"...When all 'the poetry of the earth' might be all there is..."
John Keats was one of the key poets of the English Romantic movement during the early nineteenth century. His most famous quote, "the poetry of the earth is never dead" may be a source of inspiration here.
During his very short life, his work received constant critical attacks from periodicals of the day, but his posthumous influence on poets such as Alfred Tennyson has been immense. Elaborate word choice and sensual imagery characterize Keats's poetry, including a series of odes that were his masterpieces and which remain among the most popular poems in English literature. Keats's letters, which expound on his aesthetic theory of "negative capability," are among the most celebrated by any writer.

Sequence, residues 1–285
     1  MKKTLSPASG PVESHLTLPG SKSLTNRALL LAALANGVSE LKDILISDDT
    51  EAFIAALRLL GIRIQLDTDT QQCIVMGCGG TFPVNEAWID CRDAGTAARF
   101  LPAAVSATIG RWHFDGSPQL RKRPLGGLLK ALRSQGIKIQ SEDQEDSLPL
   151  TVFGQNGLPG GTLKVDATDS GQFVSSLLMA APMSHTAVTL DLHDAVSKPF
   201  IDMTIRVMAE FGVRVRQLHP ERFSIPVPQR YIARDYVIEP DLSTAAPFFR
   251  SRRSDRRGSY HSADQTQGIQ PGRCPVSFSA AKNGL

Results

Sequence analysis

His love of the romantic verse and his use of the flowery phrase may have made him the perfect choice for a song called "Honey, Please."
Keats wrote of the Spanish steps and died in the yellow housing structure next to them in 1821.